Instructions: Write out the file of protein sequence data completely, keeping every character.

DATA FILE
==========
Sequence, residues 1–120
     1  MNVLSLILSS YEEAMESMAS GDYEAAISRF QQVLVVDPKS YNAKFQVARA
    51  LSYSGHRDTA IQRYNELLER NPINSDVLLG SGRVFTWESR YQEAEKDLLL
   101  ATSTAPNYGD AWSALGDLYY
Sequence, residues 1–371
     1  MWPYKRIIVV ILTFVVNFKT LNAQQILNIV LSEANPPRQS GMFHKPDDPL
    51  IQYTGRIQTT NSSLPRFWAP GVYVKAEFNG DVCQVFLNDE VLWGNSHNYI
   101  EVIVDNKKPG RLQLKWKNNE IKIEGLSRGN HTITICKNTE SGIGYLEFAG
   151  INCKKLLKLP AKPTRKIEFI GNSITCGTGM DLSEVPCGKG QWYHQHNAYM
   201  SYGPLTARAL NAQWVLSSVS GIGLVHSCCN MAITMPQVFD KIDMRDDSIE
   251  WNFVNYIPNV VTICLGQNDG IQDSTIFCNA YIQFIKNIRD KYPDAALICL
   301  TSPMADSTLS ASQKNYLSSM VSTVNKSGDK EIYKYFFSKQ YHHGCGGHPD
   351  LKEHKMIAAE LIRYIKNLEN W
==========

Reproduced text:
Sequence, residues 1–120
     1  MNVLSLILSS YEEAMESMAS GDYEAAISRF QQVLVVDPKS YNAKFQVARA
    51  LSYSGHRDTA IQRYNELLER NPINSDVLLG SGRVFTWESR YQEAEKDLLL
   101  ATSTAPNYGD AWSALGDLYY
Sequence, residues 1–371
     1  MWPYKRIIVV ILTFVVNFKT LNAQQILNIV LSEANPPRQS GMFHKPDDPL
    51  IQYTGRIQTT NSSLPRFWAP GVYVKAEFNG DVCQVFLNDE VLWGNSHNYI
   101  EVIVDNKKPG RLQLKWKNNE IKIEGLSRGN HTITICKNTE SGIGYLEFAG
   151  INCKKLLKLP AKPTRKIEFI GNSITCGTGM DLSEVPCGKG QWYHQHNAYM
   201  SYGPLTARAL NAQWVLSSVS GIGLVHSCCN MAITMPQVFD KIDMRDDSIE
   251  WNFVNYIPNV VTICLGQNDG IQDSTIFCNA YIQFIKNIRD KYPDAALICL
   301  TSPMADSTLS ASQKNYLSSM VSTVNKSGDK EIYKYFFSKQ YHHGCGGHPD
   351  LKEHKMIAAE LIRYIKNLEN W